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Parker Palmer Muses on the Season
"I will wax romantic about spring and its splendors in a moment, but first there is a hard truth to be told: before spring becomes beautiful, it is plug ugly, nothing but mud and muck. I have walked in the early spring through fields that will suck your boots off, a world so wet and woeful it makes you yearn for the return of ice. But in that muddy mess, the conditions for rebirth are being create... posted on Apr 20 2019, 2,124 reads

 

This Library Takes an Indigenous Approach to Categorizing Books
For over a century, the traditional Dewey Decimal classification system has dictated how libraries organize their collections. Yet the way information is sorted conveys a lot about what's prioritized and what's left out. Xwi7xwa Library (pronounced whei-wha) at the University of British Columbia in Vancouver, Canada is working to change the way materials on indigenous cultures are sorted in an eff... posted on Apr 19 2019, 1,912 reads

 

The Skittish Stallion
"There were two horses. One was a quarter horse and the other one was this big black stallion that had been abused. It was quite skittish. You couldnt get close to it. Of course, I was determined to become friends with that horse." Rosemary Peterson shares more in this beautiful piece that speaks to the power of patience and intention in our relationships.... posted on Apr 18 2019, 2,218 reads

 

Are Social Change and Scale Mutually Exclusive?
"As the clarion call for scale increases in volume, it is worth always asking, what is it we want to scale? And how will it enable social change for those who have been kept at the bottom of the pyramid?" Dr Arun Kumar is the CEO of Apnalaya, an organization that does remarkable work to create self-sustaining communities within the slums of Mumbai. In this piece he shares more about their model, a... posted on Apr 17 2019, 1,471 reads

 

The Gentlest Thing in the World
"The gentlest thing in the world is an open mind. Since it doesn't believe what it thinks, it is flexible, porous, without opposition, without defense. Nothing has power over it. Nothing can resist it. Even the hardest thing in the world a closed mind can't resist the power of openness. Ultimately the truth flows into it and through it, like water through rock."... posted on Apr 16 2019, 3,783 reads

 

A Rite of Passage for Late Life
In this TED residency talk, Bob Stein reveals his transition into using a new ritual to mark his later life. He proposes a new tradition of giving away your things and sharing the stories behind them as you get older, to reflect on your life so far, open conversations and connections that might not happen otherwise and move into the next phase prepared for whatever might come next.... posted on Apr 15 2019, 3,592 reads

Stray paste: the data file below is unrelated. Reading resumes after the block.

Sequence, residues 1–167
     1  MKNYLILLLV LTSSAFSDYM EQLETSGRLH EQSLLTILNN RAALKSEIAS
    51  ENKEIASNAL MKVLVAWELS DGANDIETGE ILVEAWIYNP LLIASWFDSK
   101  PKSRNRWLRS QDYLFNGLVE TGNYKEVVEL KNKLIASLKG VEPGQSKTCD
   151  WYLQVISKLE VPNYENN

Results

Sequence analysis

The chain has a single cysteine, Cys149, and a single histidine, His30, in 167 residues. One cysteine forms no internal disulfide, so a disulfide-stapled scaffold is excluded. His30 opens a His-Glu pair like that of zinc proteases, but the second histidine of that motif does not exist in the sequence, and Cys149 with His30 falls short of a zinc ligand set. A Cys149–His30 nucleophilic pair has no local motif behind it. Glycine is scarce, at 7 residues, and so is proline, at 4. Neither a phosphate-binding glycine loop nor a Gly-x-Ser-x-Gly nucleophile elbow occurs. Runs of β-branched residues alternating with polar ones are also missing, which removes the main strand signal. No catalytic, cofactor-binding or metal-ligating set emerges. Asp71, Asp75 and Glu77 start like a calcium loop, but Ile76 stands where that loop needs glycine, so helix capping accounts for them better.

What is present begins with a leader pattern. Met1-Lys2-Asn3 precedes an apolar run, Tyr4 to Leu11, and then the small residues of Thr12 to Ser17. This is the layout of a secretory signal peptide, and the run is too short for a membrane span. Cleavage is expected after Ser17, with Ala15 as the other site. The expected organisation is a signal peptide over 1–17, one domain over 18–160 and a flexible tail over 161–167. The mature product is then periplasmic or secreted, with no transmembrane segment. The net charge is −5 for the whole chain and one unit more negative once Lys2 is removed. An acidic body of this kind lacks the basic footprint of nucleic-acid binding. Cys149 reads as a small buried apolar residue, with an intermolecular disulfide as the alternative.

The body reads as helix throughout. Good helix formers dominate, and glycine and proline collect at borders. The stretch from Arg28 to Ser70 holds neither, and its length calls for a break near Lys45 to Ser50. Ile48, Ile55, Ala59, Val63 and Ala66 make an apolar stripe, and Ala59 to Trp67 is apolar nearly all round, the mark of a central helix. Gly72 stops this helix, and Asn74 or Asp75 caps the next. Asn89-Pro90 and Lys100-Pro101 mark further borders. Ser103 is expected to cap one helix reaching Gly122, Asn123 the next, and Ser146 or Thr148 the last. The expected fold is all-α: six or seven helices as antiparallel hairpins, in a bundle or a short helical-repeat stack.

Quiet Spirituality
Go within and you will find the noise of the world if you don't also allow the quiet of silence to reveal itself. And what we need so very much is quiet to help us skillfully navigate our lives. Many of us yearn for the deep peace that comes from being in touch with the stillness in our depths. By seeking out silence in our daily lives, we are able to find balance within the constant noise and de... posted on Apr 14 2019, 4,950 reads

 

How to Work with the Bias in Your Brain
None of us is immune to bias. From our education systems to our justice systems, bias exists in many forms. Where does it originate and what can we do to prevent it? The answers aren't simple. In this article by psychologist Jill Suttie, the root causes of bias are explored through the lens of researcher Jennifer Eberhardt's new book, Biased. Suttie considers how our implicit bias is at times adap... posted on Apr 13 2019, 3,347 reads

 

Discovering the Sacred in Everyday Life
Tuning into the sacred of the everyday takes practice. Things around us don't suddenly become more awe-inducing but our perception of them can change. "When something is recognized as sacred, it is known to have a quality that is beyond the material, physical world. It's not subject to the mind's analysis, judgment, or interpretation." In this article by psychologist Gail Brenner, practices for op... posted on Apr 12 2019, 3,900 reads

 

Caregiving: A Nascent Social Revolution
Caregivers and receivers are modeling how to integrate health care into daily life at home. They are the innovators, and creators of dynamic communities of support. "Community and care are inexorably linked. Care can never fully be rendered only by expert providers in formal settings but by a growing recognition that care is a democratic act that is about what we 'give', what we 'receive', and wha... posted on Apr 11 2019, 2,904 reads

 

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Trending DailyGoods Mar 19: Children, Anger Control and Inuit Wisdom (6,204 reads) Mar 24: Mary Oliver: Poet of Awe (10,067 reads) Apr 15: A Rite of Passage for Late Life (3,592 reads) Mar 13: What's In the Way is the Way (5,707 reads) Apr 14: Quiet Spirituality (4,950 reads)

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